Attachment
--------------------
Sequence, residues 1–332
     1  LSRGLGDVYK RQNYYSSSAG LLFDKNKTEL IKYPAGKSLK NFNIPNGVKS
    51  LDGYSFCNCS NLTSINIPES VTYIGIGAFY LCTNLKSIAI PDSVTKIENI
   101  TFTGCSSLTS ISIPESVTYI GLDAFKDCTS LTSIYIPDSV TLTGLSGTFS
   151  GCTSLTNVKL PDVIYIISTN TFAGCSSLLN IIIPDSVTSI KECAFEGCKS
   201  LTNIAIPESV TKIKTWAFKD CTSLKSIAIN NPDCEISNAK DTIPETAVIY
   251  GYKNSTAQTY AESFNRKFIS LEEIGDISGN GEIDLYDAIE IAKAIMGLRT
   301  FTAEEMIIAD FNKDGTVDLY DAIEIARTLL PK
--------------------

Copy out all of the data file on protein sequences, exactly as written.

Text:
Sequence, residues 1–332
     1  LSRGLGDVYK RQNYYSSSAG LLFDKNKTEL IKYPAGKSLK NFNIPNGVKS
    51  LDGYSFCNCS NLTSINIPES VTYIGIGAFY LCTNLKSIAI PDSVTKIENI
   101  TFTGCSSLTS ISIPESVTYI GLDAFKDCTS LTSIYIPDSV TLTGLSGTFS
   151  GCTSLTNVKL PDVIYIISTN TFAGCSSLLN IIIPDSVTSI KECAFEGCKS
   201  LTNIAIPESV TKIKTWAFKD CTSLKSIAIN NPDCEISNAK DTIPETAVIY
   251  GYKNSTAQTY AESFNRKFIS LEEIGDISGN GEIDLYDAIE IAKAIMGLRT
   301  FTAEEMIIAD FNKDGTVDLY DAIEIARTLL PK